The relaxation of lattice strain in epitaxial buffer layers and virtual substrates is often accompanied by layer tilting, resulting in peak displacement. Bragg peaks of asymmetric reflections are also displaced in rocking curves as a result of epitaxial strain. Mismatch and threading dislocations in semiconductor epitaxial layers can give rise to peak broadening and peak overlap in traditional high-resolution rocking curve measurements. Measuring a reciprocal space map (RSM) is a way of separating these effects so that Bragg peak positions can be precisely measured. This is important for the determination of strain, lattice relaxation, composition and layer thickness in compound semiconductors, such as GaN-based devices for HEMTs and LEDs.
Reciprocal space mapping is particularly powerful for the general investigation of layer quality in thin layered structures. When there are defects in an epitaxial layer, it is broken into mosaic blocks which are perfect regions of crystal that are tilted or rotated with respect to each other. Similarly, crystal grains in polycrystalline deposited layers may share a common (fiber) orientation. Reciprocal space mapping can be used to measure the size and relative tilts of mosaic blocks and to investigate texture in deposited films. Reciprocal space maps can also clearly distinguish peak broadening arising from this mosaicity from peak broadening due to other effects such as substrate curvature.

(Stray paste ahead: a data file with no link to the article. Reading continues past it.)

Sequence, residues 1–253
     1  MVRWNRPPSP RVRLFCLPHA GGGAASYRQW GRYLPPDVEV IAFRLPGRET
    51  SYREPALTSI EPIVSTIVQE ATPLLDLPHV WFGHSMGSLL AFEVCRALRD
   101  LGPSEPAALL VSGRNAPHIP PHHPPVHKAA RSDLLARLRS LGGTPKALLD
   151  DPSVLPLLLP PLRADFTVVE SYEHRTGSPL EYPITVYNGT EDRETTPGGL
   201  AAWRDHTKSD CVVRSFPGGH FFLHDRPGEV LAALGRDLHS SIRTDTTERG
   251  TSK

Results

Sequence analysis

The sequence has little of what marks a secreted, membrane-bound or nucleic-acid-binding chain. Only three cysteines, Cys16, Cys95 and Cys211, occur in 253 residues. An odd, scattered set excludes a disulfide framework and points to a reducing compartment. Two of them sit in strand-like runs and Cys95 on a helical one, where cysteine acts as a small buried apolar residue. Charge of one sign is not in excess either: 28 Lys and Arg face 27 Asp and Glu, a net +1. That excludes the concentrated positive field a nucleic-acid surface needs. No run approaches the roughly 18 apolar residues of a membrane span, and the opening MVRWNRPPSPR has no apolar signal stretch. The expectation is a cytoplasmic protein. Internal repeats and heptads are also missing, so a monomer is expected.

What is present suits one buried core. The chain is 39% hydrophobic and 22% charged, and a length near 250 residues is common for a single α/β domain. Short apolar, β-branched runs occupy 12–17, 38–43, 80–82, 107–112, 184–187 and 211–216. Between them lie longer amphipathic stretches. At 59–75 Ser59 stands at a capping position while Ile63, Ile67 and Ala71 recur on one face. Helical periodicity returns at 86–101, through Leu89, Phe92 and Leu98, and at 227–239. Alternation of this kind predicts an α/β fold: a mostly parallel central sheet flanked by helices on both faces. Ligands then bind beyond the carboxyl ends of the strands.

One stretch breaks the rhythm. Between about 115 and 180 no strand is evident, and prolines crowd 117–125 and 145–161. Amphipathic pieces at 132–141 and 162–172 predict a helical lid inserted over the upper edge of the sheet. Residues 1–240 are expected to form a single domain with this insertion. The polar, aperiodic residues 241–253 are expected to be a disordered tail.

Now faster than ever with URSM
Recent advances in data streaming and management mean that, for all but the highest resolution applications, the PIXcel3D detector can be used for ultra-fast reciprocal space mapping (URSM). Larger areas of reciprocal space can be covered in shorter times than ever before.
For example the full (0002) reciprocal space map of GaN alloy layers on sapphire, can be collected in as little as 30 seconds.